Jones, R., Cox, D., Cook, E. (2011, August 29). Generations at odds: The Millennial generation and the future of gay and lesbian rights. Retrieved February 12, 2012, from Public Religion Research Institute: http://publicreligion.org/site/wp-content/uploads/2011/09/PRRI-Report-on-Millennials-Religion-Gay-and-Lesbian-Issues-Survey.pdf
Nielsen. (2011, October 14). How social media impacts brand marketing. Retrieved February 12, 2012, from Nielsen: http://blog.nielsen.com/nielsenwire/consumer/how-social-media-impacts-brand-marketing/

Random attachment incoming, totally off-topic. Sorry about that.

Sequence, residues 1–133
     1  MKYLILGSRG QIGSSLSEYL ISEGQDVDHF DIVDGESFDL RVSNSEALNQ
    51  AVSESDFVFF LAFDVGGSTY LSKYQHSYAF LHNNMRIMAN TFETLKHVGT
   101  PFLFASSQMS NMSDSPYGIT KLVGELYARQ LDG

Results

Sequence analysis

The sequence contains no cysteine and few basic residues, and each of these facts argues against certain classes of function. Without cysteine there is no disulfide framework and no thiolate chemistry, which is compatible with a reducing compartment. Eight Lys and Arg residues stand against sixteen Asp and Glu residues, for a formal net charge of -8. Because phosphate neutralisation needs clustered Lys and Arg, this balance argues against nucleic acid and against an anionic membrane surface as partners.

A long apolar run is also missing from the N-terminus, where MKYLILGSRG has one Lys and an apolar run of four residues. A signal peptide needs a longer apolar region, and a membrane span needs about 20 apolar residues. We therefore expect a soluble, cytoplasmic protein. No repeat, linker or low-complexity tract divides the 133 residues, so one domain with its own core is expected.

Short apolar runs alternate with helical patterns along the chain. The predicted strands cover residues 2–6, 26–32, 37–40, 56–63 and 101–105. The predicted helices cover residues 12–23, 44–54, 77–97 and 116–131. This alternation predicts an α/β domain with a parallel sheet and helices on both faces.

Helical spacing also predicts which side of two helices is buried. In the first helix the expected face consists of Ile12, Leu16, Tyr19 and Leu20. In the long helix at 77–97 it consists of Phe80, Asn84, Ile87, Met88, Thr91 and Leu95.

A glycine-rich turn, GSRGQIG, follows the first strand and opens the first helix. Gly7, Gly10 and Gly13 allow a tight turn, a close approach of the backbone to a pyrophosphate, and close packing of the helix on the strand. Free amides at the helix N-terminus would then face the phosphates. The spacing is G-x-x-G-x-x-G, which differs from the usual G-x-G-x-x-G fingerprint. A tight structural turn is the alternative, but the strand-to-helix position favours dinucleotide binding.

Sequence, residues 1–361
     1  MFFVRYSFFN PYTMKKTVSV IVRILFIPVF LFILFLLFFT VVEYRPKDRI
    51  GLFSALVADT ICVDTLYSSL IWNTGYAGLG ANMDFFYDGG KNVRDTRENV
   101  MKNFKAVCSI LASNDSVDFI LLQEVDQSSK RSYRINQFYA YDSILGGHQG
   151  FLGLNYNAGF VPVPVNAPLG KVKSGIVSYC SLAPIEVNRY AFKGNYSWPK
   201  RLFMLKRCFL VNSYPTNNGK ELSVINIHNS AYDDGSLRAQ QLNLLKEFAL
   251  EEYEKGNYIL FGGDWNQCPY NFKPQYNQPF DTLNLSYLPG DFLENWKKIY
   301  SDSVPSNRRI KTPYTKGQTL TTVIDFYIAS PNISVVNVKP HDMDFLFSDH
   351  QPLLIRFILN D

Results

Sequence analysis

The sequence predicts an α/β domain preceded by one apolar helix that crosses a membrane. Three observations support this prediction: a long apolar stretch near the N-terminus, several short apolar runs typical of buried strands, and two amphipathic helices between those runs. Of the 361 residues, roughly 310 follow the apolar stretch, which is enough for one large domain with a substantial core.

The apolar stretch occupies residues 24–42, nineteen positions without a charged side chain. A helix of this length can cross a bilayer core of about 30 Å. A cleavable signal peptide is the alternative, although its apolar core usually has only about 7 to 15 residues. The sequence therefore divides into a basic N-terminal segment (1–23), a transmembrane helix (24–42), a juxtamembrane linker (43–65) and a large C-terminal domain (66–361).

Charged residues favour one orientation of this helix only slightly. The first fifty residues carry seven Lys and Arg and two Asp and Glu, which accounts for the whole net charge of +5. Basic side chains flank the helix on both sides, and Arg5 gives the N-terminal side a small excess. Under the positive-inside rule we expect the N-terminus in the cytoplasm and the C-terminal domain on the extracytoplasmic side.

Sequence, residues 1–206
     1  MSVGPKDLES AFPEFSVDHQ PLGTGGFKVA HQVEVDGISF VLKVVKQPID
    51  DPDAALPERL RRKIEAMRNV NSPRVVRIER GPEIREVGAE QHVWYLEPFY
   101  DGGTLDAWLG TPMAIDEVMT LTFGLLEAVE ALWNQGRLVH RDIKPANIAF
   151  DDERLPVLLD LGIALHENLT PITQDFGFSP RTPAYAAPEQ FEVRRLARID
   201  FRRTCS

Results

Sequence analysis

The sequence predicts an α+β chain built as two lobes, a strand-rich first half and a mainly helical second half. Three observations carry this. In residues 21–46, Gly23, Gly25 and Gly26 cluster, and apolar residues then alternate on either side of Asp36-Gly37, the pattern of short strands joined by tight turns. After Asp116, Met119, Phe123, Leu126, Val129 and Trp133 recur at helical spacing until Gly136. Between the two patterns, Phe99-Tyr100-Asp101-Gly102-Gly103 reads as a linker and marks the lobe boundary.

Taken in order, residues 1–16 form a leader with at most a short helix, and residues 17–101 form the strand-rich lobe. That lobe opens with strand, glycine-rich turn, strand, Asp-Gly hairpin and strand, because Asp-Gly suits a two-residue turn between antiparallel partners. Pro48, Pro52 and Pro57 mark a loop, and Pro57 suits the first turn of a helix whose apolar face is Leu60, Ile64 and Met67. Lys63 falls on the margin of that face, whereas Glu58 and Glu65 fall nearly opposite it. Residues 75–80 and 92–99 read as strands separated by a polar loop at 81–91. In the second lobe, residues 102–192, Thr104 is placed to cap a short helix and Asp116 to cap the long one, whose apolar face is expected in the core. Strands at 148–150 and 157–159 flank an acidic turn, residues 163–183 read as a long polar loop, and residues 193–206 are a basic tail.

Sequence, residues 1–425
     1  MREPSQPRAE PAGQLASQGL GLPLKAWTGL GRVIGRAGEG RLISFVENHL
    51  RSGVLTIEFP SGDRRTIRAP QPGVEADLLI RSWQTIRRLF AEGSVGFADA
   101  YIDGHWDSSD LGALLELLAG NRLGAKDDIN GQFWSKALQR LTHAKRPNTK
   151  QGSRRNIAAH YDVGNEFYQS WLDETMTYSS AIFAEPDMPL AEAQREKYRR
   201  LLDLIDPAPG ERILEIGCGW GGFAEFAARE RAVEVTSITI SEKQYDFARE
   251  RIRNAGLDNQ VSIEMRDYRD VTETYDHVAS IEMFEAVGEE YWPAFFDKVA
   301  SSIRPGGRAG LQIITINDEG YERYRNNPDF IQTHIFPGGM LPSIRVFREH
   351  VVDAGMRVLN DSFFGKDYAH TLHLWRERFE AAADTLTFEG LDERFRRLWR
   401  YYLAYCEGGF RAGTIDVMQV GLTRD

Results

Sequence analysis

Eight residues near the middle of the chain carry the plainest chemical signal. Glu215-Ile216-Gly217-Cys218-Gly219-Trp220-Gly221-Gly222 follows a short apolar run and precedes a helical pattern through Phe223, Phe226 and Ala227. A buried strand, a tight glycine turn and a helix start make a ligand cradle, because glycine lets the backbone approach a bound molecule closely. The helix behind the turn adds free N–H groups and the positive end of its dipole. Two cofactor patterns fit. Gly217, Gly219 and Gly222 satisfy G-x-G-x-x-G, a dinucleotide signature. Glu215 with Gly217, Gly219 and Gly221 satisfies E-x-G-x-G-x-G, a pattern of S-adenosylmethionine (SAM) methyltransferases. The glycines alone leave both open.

Pew Internet and American Life. (2011). Demographics of internet users. Retrieved February 12, 2012, from Pew Internet and American Life: http://www.pewinternet.org/Static-Pages/Trend-Data/Whos-Online.aspx
Smith, A. (2011, Jul 11). Smartphone adoption and usage. Retrieved February 12, 2012, from Pew Internet and American Life Project: http://www.pewinternet.org/Reports/2011/Smartphones.aspx
Taylor, Paul, and Scott Keeter, eds. (2010, February 24). Millennials: Confident. Connected. Open to change. Retrieved February 12, 2012, from Pew Research Center: http://pewsocial-